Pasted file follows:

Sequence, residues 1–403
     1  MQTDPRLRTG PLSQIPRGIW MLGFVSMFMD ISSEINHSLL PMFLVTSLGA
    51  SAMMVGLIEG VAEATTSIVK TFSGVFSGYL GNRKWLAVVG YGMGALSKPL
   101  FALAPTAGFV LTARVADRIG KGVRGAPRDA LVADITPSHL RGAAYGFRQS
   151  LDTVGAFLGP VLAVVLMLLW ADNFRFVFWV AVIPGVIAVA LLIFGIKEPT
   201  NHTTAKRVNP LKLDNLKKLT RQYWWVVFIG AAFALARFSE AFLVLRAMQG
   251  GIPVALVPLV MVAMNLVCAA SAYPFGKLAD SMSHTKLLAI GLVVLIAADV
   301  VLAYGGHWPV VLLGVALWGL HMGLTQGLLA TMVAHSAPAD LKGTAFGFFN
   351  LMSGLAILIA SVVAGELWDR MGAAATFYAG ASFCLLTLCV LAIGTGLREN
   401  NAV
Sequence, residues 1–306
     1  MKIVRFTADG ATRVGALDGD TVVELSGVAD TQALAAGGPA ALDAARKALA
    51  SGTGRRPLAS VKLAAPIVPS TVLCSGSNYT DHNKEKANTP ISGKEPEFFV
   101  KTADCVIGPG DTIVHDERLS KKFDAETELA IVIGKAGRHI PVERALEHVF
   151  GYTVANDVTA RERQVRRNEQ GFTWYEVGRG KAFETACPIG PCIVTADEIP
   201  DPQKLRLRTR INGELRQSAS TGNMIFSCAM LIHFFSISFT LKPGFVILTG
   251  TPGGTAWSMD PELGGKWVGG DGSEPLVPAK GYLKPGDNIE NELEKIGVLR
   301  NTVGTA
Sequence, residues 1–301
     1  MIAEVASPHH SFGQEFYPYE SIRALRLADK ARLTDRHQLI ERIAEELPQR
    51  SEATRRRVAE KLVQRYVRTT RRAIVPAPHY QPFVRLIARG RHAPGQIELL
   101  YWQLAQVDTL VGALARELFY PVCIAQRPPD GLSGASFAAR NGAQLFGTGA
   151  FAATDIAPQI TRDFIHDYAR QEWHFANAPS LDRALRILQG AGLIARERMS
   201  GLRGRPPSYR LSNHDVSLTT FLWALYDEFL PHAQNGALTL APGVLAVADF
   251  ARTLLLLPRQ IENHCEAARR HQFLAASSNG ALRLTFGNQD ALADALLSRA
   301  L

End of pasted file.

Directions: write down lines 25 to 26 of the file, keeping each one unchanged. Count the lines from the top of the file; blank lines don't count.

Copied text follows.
   251  ARTLLLLPRQ IENHCEAARR HQFLAASSNG ALRLTFGNQD ALADALLSRA
   301  L